Maggy Barankitse: Naked. Afraid. And Just The Person To Stop A Massacre.
Maggy opened the door of the bishop's palace and stepped out. Just outside the front door were her family. and friends. Members of her village and tribe.
Inside that palace, in the village of Ruyigi, her seven adopted children huddled in fear. They were joined by six dozen adults who had fled there out of panic. They were Hutu people. Surrounded by Tutsis, who were out for blood.
There was a bloodbath in Burundi. Unlike any other massacre in Africa. It was personal this time. Tribe against tribe. Sect versus sect.
When Maggy Barankitse opened the palace door that morning and locked it behind her as she stepped out, she could feel the fear in the air. The silent panic. The underlying cry for blood. She recognized the faces looking back at her.
They were her family members.
Family who disagreed with Maggy’s belief that everybody should be able to live together peacefully.
She had been dreading this moment. Refusing to come out of the palace where she had been protecting her adopted children and the Hutu refugees. But her family and the other Tutsis outside began to douse the palace with gasoline. They would burn it to the ground. With Maggy and her children inside. As well as her friends and their children.
They beat Maggy. And stripped her naked in front of the gathering mob. Then they tied her to a chair. And made her watch the sadistic madness that was to follow.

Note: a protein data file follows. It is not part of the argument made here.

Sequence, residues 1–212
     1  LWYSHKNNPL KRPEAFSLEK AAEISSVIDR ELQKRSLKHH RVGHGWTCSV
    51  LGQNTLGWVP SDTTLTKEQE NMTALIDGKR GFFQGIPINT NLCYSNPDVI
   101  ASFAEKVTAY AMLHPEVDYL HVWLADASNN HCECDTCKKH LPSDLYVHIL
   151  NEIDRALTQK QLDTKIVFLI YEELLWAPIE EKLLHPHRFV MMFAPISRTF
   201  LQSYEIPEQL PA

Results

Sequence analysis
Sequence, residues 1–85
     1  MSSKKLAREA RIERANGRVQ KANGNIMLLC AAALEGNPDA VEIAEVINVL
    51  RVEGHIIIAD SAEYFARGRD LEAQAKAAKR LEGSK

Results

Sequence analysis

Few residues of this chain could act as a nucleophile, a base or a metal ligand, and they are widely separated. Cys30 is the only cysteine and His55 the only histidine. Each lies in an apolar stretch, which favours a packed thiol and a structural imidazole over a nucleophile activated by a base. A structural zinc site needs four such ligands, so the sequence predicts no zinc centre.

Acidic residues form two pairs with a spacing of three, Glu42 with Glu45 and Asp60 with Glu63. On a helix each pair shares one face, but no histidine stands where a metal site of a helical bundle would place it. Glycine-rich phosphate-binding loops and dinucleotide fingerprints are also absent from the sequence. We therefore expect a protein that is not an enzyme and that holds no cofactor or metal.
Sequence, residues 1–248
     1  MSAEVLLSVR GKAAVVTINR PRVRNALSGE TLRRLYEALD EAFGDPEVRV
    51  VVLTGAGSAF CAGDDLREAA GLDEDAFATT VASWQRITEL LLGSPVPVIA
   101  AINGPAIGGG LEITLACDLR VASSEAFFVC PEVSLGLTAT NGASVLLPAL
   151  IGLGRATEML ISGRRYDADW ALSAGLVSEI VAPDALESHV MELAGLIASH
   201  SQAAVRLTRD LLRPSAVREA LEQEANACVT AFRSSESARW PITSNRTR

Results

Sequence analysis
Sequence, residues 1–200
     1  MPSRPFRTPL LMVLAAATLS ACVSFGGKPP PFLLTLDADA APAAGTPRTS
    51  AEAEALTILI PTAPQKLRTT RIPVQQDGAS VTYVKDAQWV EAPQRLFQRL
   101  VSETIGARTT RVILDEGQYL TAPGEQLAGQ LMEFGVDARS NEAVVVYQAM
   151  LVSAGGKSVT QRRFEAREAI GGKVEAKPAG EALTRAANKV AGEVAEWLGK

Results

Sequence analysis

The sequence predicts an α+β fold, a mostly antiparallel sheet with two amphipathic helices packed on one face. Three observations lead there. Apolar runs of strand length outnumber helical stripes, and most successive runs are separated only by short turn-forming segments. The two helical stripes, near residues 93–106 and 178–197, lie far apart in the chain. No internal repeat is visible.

One at a time, her family brutally murdered the Hutu refugees she had been hiding inside the palace.
Maggy watched all 72 of her friends and coworkers die that day.
One by one. Maggie watched. Unable to move. Maggie watched. Unable to help. Maggie watched.
It took almost six full hours to kill those 72 friends of hers. From 9am to 3pm to be exact. Almost a full day’s work.
The children were next.
As Maggie Barankitse sat naked in that chair on October 24, 1993, she prayed for the safety of the children.
And her prayers were answered. The Tutsi accepted a ransom for her 7 adopted children and 18 others who were orphaned by the brutal massacre of their parents.
Done with their thirst for blood. They left Maggie there with her dead. Naked. And in shock.
Freeing herself from her ties, she went to the chapel to pray.
She didn’t know how to go on without them.
Maggy’s children made their way to her as she prayed. She watched the children of those 72 butchered friends come out of hiding. They were now orphans.
Maggie had a choice to make. Would she be the victim? Would she let hate win? Could she make a difference?
Maggy had been raised to love. She had been raised to persevere. Maggie had been raised to teach.
And so she made up her mind. She would go on.
She would attempt to change her corner of the world.
In truth, Maggy didn’t have time to mourn those she lost. She didn’t have time to cry over what had happened to her. She had 7 children of her own and 25 children with dead parents looking to her for answers.
So she did the only thing she knew how to do.
She enveloped each of them in her loving arms. She told them she was their mother now. She promised to make tomorrow brighter for each and every one of them.
Knowing that she needed a safer place to raise your burgeoning family, she fled to the house of a German humanitarian worker in the area, named Mr. Martin. She begged him to let her stay there with all of the kids.
Without hesitation, he agreed.
And it was just one day after the most horrific day of her young life that Maggy Barankitse started Maison Shalom, House of Peace, on the property of her new German hero.
News began to spread rapidly about "the crazy lady of Ruyigi" who was taking in orphans. And the orphans came. One by one. Ten by ten. Every day more children knocked on the door of Mr. Martin’s house, the temporary home of Maison Shalom.